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Mayor & Council (View All)
City Council Study Session & Minutes
Thursday, January 31, 2019
January 31, 2019
IMMEDIATELY FOLLOWING COUNCIL MEETING
Approximately 6:15 p.m.
City Hall, Medford Room
411 W. 8th Street, Medford, Oregon
The Medford City Council Study Session was called to order at 6:25 p.m. in the Medford Room of the Medford City Hall on the above date with the following members and staff present:
Mayor Gary Wheeler; Councilmembers Clay Bearnson, Kay Brooks Tim D’Alessandro, Dick Gordon, Alex Poythress, Kevin Stine and Michael Zarosinski; City Manager Brian Sjothun, Deputy City Attorney Eric Mitton, Parks, Recreation and Facilities Director Rich Rosenthal, Public Works Directory Cory Crebbin, Transportation Manager Karl MacNair, and Deputy City Recorder Winnie Shepard
Event Center/Jackson Aquatics Update
Parks, Recreation and Facilities Director Rich Rosenthal noted that based on the 2016 Leisure Services Plan, the City is deficient in recreation facilities. Surveys from 2015 and 2018 indicate that citizens would like additional aquatics and/or recreational facilities. He provided the following information:
Mr. Rosenthal requested Council direction regarding whether to consider development of an indoor recreation facility or other another type of recreation facility.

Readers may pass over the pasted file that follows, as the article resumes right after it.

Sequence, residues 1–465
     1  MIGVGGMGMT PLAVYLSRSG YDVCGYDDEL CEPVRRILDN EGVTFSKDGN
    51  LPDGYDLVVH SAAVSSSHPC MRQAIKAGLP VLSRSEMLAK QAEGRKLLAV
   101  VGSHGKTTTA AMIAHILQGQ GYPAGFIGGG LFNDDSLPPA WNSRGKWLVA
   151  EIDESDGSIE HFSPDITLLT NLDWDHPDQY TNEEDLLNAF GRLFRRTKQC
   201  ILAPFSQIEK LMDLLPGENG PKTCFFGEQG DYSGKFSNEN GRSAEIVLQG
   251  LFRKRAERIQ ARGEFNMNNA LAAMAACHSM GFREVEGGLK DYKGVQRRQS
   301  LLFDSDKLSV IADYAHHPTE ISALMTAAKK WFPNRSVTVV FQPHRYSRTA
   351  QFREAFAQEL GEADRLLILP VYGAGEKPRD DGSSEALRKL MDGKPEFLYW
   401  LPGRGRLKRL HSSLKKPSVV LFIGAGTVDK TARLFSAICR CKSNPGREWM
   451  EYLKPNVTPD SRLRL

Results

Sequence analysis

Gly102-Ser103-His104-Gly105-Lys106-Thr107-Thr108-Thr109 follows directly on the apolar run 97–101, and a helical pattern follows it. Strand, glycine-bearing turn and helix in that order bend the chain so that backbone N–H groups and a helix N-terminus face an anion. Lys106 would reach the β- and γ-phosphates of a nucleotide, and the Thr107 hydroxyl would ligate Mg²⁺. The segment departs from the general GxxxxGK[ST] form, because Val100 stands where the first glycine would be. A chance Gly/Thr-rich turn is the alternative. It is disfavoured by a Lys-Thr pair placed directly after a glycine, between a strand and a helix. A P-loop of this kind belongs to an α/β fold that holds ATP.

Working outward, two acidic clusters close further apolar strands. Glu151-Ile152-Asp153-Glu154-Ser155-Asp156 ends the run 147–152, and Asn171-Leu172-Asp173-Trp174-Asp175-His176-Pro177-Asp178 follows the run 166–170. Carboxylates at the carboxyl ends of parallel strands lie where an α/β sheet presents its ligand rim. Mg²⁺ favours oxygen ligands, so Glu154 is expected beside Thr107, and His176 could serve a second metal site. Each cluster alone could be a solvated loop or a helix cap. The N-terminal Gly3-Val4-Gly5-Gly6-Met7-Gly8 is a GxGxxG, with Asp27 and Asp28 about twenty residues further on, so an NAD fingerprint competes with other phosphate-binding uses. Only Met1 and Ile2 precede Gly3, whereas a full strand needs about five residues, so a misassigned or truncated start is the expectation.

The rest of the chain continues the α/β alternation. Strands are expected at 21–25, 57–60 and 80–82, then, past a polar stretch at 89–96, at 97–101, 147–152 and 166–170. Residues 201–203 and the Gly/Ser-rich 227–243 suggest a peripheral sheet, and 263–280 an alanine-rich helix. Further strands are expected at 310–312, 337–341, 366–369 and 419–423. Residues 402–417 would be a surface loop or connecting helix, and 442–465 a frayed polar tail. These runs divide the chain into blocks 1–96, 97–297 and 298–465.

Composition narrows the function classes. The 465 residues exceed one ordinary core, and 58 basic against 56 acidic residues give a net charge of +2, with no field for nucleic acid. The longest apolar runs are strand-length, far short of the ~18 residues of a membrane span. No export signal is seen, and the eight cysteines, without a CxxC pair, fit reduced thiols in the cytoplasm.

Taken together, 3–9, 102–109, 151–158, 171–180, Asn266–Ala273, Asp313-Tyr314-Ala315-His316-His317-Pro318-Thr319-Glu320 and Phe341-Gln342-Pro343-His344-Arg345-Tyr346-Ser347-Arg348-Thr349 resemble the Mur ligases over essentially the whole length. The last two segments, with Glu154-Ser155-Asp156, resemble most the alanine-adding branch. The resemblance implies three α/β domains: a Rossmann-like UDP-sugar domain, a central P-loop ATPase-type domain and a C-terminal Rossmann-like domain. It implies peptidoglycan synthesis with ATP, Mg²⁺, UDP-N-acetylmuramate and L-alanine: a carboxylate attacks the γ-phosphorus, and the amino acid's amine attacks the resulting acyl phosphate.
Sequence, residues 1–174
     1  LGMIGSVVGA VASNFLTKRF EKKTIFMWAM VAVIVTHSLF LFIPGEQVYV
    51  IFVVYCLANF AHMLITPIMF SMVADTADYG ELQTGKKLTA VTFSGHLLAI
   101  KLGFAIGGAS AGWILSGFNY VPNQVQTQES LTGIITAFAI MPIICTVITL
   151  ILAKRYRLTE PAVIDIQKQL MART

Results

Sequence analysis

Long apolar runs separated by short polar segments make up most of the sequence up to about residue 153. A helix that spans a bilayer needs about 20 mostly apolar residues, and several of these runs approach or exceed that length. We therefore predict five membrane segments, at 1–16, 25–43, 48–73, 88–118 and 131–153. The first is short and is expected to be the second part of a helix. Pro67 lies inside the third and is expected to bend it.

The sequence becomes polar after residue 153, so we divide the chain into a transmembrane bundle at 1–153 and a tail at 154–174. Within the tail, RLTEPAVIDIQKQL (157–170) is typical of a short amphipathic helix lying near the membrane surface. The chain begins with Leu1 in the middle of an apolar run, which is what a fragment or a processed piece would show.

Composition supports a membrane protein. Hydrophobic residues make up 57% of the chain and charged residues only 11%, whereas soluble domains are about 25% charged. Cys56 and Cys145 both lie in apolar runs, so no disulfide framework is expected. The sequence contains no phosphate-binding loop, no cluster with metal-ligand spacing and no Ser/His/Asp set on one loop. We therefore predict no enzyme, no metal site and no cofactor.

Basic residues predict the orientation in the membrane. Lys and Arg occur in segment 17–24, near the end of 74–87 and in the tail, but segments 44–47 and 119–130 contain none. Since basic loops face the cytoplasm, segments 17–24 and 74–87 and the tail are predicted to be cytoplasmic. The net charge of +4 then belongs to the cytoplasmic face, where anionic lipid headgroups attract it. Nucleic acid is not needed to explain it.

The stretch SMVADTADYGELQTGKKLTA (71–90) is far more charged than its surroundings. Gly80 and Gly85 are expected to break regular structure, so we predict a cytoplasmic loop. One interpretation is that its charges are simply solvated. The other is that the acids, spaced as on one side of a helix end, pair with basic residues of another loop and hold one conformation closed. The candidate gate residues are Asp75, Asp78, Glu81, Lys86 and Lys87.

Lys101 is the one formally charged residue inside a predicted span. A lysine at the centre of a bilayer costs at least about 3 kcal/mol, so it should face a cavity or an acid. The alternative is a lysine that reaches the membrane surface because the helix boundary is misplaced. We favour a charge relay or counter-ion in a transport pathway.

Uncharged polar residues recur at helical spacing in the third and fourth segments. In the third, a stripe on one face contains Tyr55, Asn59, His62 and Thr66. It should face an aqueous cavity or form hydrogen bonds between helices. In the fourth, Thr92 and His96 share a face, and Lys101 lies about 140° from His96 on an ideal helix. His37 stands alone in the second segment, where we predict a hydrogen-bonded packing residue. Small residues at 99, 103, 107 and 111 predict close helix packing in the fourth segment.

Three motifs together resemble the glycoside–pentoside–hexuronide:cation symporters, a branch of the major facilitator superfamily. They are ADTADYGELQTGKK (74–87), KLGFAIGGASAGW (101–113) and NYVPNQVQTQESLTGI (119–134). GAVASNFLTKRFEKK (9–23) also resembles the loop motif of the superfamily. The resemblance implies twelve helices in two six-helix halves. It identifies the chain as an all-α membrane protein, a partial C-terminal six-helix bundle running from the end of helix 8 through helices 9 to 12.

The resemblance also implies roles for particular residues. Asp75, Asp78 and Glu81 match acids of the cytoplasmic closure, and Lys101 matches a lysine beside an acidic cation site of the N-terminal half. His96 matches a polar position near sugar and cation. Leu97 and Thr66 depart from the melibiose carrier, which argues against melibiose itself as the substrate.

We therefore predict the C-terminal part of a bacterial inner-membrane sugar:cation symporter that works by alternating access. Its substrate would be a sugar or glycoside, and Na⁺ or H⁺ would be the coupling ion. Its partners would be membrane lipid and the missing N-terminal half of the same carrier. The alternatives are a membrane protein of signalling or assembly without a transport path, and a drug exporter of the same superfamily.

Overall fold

Council discussion/answers to questions:
- In 2016, an Event Center Study recommended a multipurpose event center
- Voters have rejected recreation facilities funding initiatives five times since the 1970’s
- Indoor facility options: dry recreation center, aquatics facility and community center combination of dry recreation and aquatics
- 2017-2018 a recreational facility focus group recommended the community center combination; Parks and Recreation Commission agreed
City Manager Brian Sjothun recommended that staff needed direction regarding the type of facility before determining funding. He outlined the reasons Hawthorne was closed. Previously, Council agreed to put the aquatics facility on the ballot, but not all Councilors supported the idea.
- There should be options for low-income children to use facilities
- Pool should be enclosed to allow use with outdoor smoke and/or weather
- Councilmembers recommended the inclusion of aquatics with any facility
- Needed for the community
- Teach children how to swim
- Potentially work with high schools
- Funding options should be determined before designs
- A facility could be built on the Wes Howard property
- Meets the criteria/restrictions on the property
- Plenty of room; 50 acres
- Citizens request pools and activity spaces, etc., but the proposals are rejected on the ballot; need to figure out how meet citizen requests and the funding
- Currently a shortage of indoor sport courts in Medford; often groups are unable to find and fill up and there are none open
- The completed facility will not be self-sustaining
Mr. Sjothun advised that there are multiple design options for all types of facilities. USCCP was built for the community’s needs and is now used for area events. Organizers repeat bookings at USCCP, because of the customer service and the success of their event.